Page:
From a human experience perspective, it was and still is Church for a lot of people, whatever that means to you. A safe space of acceptance to come as you are and celebrate life together without regard to race, class, or sexual orientation. It’s a release of energy and a spiritual recharge all at once. It’s a community that became a culture.

Off the top of my head I can’t really explain it another way, and any Chicago House head would agree, and expand on what I’m trying to say here.

What is the significance of House Music in Chicago?
House Music was born and developed here in Chicago and revolutionized electronic dance music globally. It’s part of our Chicago musical heritage next to Jazz, Blues, and Gospel.

Who was Frankie Knuckles and why did the City of Chicago host a dance party in his honor?
Frankie Knuckles was a DJ and producer who, in the mid to late 70’s, developed the sound that we call House Music today. His continued innovations and influence on DJ’s and producers around the world cemented the House sound. He is the “Godfather of House” and an ambassador for our city.

What places would you recommend visiting to immerse in the House music culture in Chicago?
Go to Gramophone Records, pick up 5 Magazine and read about the scene and various daily club events happening, attend the Chosen Few Picnic 4th of July weekend, and listen to mixes on deephousepage.com.

I hope the City of Chicago realizes that there is a need to have an event celebrating House music every year. After all, as David Chavez said, it is part of our musical heritage, and it is a global musical phenomenon that originated in Chicago. Events such as the dance party tribute to Frankie Knuckles – being held in public spaces at no charge – encourage integration and help promote the city as a global cultural destination. Kudos Chicago, you scored big with this one!

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Get an Exclusive Preview of Studio Mangiameli Flamenco Show!

Do you like flamenco or are interested in exploring this dance form? Then take advantage of this opportunity! Studio Mangiameli is inviting four of you, Chicago Urbanite followers,   to attend a final dress rehearsal and get a  sneak peek of its upcoming annual student showcase on Thursday May 29th.  The show is titled Tides and it is an exploration of the moments that leave indelible marks on human lives and alter the landscape of identity. Tides features original live music from some of Chicago’s most recognized flamenco and world music players, including Carlo Basile (Las Guitarras De España), guitarist Diego Alonso and percussionist Bob Garrett, soon to appear in Sting’s new musical, The Last Ship. World-renowned flamenco singer Vicente “El Cartucho” Griego will be this year’s very special guest.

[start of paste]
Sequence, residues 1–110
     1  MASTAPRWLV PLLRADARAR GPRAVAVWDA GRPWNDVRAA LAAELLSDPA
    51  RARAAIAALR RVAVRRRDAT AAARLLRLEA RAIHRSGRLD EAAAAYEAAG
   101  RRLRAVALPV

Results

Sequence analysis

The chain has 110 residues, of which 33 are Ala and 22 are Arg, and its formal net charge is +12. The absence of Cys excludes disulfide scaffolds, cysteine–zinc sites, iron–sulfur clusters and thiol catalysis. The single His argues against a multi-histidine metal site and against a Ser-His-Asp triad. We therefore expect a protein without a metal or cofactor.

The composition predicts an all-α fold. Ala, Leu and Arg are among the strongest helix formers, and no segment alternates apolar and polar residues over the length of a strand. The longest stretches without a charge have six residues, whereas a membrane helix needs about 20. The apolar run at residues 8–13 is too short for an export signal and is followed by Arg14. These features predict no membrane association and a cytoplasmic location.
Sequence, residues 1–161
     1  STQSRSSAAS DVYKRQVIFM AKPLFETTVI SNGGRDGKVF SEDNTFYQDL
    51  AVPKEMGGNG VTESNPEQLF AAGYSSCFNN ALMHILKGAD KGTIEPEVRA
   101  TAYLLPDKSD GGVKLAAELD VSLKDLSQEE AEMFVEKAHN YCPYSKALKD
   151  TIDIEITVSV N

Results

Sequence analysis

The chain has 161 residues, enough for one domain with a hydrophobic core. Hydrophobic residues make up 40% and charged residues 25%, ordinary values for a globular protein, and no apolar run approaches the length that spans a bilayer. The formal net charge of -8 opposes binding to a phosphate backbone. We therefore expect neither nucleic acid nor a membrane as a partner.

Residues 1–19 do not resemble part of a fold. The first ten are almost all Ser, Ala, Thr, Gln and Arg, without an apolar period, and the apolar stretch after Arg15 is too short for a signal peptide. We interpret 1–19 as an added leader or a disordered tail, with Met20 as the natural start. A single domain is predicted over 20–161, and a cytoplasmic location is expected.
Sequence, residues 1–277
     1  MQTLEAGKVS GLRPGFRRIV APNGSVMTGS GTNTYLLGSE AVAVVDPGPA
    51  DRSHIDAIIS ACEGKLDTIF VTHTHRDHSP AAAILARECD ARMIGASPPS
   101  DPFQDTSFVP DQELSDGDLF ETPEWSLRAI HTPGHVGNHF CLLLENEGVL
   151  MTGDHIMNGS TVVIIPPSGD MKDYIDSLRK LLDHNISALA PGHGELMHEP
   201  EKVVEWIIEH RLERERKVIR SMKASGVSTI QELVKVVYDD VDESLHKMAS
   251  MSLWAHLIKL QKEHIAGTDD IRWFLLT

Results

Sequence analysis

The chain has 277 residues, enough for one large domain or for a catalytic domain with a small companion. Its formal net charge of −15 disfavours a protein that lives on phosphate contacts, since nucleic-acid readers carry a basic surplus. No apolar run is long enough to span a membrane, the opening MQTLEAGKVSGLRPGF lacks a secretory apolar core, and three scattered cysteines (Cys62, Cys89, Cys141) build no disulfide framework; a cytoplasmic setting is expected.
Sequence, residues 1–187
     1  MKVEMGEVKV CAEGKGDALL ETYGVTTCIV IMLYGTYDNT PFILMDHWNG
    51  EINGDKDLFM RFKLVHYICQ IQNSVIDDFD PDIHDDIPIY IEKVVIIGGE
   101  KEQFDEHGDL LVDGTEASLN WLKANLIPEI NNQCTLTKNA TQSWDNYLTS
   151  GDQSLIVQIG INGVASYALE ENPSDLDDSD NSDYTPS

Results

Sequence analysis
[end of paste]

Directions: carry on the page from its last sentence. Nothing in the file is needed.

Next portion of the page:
Just leave a comment down below and I will include your name on the guest list. In the meantime, here is a short but insightful interview with Chiara Mangiameli, the director and creator of Tides, about her life-changing experience with flamenco and her inspiration for this show.

 

Please tell us about your background and how you got involved with flamenco.

I have a strong background in theater and additionally I dabbled in various forms of dance throughout my youth and adulthood, from ballet to tap to African dance. Nothing stuck until I found flamenco. The truth is the Gypsy Kings were what got me interested in the more traditional Andalusian art form. I fell in love with the percussive sound of the guitar and the unmistakable melisma of the voice. Ironically I knew nothing of the dance form but once I took my first class, I never looked back and eventually ended up in Seville several times over the course of a few years to immerse myself completely in the music and culture. The inherently dramatic and individualistic emphasis of this dance style felt like a perfect fit.

 

This production is inspired by stories of critical moments in your students’ lives. Can you recall one story in particular that specially touched you?

First, let me say that I tend to draw inspiration from my students because I’m always amazed and touched by the amount of resilience and dedication they have. Everyone that so generously shared a piece of their private life with me had a very moving and genuine story. I can’t say that there was one in particular that touched me more than another, simply because there are aspects of all the stories that I found myself relating to, whether as a dancer, an immigrant, a daughter, a woman.

 

Why should we go see your show? What can we expect?

I strive to present dance and particularly flamenco, in a context that illustrates more than a choreography or a series of movements accompanied by music. I’m interested in why we choose to dance, what makes us vulnerable, transparent, what allows us to relate to each other as human beings. You can expect beautiful original music by my incredible collaborators, a special guest flamenco singer who will knock your socks off, and forty plus dancers that have been looking forward to this show for eight months and have a clear voice and point of view about their place on that stage. My hope is that the audience will be able to relate to some of the stories they hear because at the end of the day, we all have our struggles with navigating the changing tides.

 

Performances will take place at the Vittum Theater, 1012 N Noble Street in Chicago, on May 30 and May 31st at 7:30PM CST and on June 1st at 4:30PM CST. Tickets are $25 and $15 for children ages 12 and under. Parking is free.

Get Tickets

Tides Show Studio Mangiameli

 

 

Dance Flash Mob happening this Saturday

After a few months of silence, I am back ready to continue help you discover cool dance and music activities happening in Chicago. Talking about dancing in Chicago, I know many of you are interested in dance flash mobs, so I want to pass along this information. Flash Mob America is coming to Chicago on April 25 for a marriage proposal flash mob. They are recruiting people to dance with them. If you are interested, then register here to join: Http://goo.gl/VCkPi